Private pension schemes surge in Korea, but return remains at pitiful 1%

2019.04.08 13:57:12 | 2019.04.08 13:57:51

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Private pension schemes in Korea stretched to 190 trillion won ($166.8 billion) last year, but they cannot guarantee old-age security as its annual return stopped at 1 percent.

According to the Financial Supervisory Service on Monday, the balance in pension funds under management by financial institutions including banks reached 190 trillion won as of the end of 2018, jumping 12.8 percent from a year earlier.

Funds under the defined-benefit (DB) plan, a type of employer-sponsored pension plan that provides specific payout in retirement accounted for the largest 63.8 percent of the total while those under defined-contrition (DC) that allows both employee and employer to contribute and invest to save funds for retirement was responsible for 26.1 percent. The individual retirement plan (IRP) that an employee can manage fund for retirement on top of either DB or DC type of pension accounts comprised 10.1 percent of the total.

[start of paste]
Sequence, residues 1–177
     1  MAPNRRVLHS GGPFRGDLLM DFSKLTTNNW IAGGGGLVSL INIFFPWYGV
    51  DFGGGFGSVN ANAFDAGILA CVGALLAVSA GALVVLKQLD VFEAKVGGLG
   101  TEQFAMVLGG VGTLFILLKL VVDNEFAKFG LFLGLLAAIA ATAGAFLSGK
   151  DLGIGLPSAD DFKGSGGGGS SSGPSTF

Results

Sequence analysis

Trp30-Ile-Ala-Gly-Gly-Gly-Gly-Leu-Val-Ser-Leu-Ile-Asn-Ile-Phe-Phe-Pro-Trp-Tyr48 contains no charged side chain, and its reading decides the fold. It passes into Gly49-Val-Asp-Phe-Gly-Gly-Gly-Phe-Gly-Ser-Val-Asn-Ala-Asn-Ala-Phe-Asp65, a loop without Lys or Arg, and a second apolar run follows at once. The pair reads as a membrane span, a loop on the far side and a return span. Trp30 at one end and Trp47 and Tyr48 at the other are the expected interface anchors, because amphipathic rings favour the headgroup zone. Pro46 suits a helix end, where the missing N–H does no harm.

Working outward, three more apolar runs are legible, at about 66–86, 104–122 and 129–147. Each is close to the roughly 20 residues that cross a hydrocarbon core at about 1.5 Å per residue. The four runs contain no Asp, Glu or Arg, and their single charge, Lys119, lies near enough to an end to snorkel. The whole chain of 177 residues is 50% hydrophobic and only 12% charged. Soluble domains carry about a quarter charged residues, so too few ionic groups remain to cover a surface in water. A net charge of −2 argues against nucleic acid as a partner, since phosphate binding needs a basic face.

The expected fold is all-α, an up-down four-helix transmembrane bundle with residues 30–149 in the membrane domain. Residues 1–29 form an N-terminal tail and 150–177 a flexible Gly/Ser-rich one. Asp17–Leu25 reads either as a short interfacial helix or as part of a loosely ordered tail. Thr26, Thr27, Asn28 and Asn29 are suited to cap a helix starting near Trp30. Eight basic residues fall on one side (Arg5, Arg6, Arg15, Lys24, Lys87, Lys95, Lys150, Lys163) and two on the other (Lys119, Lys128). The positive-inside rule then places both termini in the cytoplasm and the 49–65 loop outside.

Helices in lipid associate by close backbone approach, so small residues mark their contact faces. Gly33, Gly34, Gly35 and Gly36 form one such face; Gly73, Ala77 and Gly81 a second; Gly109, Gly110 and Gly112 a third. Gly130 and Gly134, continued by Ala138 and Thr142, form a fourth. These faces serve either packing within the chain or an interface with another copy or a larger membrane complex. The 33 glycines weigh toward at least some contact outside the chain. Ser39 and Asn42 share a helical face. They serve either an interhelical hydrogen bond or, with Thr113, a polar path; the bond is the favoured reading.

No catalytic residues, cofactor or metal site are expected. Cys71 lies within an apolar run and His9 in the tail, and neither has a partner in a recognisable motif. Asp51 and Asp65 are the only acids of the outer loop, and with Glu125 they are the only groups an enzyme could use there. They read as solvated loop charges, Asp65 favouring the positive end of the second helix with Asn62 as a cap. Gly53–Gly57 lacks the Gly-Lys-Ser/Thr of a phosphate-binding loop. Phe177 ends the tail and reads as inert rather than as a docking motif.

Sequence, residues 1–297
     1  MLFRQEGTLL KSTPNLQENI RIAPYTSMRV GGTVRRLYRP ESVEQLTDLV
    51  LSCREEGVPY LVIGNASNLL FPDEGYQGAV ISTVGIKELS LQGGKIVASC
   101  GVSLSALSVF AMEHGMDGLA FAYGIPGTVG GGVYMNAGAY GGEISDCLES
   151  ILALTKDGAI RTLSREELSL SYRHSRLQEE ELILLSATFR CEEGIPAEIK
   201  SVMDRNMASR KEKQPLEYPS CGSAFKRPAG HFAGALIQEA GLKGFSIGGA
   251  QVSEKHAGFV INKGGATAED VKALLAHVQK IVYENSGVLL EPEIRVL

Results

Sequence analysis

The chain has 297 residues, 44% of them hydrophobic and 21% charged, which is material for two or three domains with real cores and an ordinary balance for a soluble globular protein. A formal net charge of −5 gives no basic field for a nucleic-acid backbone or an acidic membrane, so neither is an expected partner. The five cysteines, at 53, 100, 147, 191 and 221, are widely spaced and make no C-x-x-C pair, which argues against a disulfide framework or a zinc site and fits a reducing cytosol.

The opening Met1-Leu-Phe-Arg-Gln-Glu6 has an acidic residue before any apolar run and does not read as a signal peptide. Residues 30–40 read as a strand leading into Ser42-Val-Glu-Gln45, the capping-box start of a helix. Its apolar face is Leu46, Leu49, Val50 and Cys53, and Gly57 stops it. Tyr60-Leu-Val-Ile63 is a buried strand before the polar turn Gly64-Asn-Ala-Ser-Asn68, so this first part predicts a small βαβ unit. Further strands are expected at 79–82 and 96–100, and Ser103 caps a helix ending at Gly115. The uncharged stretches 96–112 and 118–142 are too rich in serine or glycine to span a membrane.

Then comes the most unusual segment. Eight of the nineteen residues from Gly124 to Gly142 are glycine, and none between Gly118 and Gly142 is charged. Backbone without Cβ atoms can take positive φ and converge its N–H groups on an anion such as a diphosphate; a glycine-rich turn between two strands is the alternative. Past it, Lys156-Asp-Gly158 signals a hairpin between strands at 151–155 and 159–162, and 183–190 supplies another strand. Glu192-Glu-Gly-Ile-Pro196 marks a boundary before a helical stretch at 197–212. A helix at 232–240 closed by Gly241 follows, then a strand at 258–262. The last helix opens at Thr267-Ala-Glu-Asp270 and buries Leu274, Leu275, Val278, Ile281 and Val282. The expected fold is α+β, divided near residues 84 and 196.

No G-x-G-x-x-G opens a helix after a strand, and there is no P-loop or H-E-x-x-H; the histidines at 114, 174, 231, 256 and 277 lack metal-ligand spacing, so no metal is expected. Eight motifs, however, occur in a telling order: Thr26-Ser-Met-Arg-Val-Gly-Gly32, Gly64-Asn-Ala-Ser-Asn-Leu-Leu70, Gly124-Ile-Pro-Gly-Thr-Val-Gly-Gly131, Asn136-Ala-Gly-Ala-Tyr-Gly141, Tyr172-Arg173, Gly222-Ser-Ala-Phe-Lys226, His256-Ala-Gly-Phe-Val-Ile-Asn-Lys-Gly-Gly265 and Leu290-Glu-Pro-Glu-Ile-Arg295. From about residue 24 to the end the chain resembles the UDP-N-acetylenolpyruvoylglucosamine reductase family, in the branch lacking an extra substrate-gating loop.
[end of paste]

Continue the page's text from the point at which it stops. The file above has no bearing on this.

Although the DB plan made up more than half of the total, its share has been shrinking steadily while more chose to plan for retirement through DC and IRP plans. Last year, funds under IRP plan jumped 25.6 percent against the previous year.

By fund management type, a 90.3 percent of the total retirement pension funds under management were principal-protected products. The remaining 9.7 percent was managed to pay annuities depending on investment performance.

Banks handled 50.7 percent of the total retirement pension fund products, followed by life insurers with 22.7 percent, investment firms with 19.3 percent, and non-life insurers with 6.1 percent.

The yield on the total pension funds, however, averaged 1.01 percent last year, below the country’s annual inflation of 1.5 percent and nearly half of 1.99 percent interest rate paid for time deposits. The principal-protected product delivered a yield of 1.56 percent, but the performance-based type marked -3.82 percent.

Market experts attributed the low yield to the country’s weak stock market. The main bourse Kospi recorded -17.3 percent for the rate of return last year.

The average return rate on the retirement pension funds was 1.88 percent for the past five years and 3.22 percent over the past decade.

By Kim Je-lim and Cho Jeehyun

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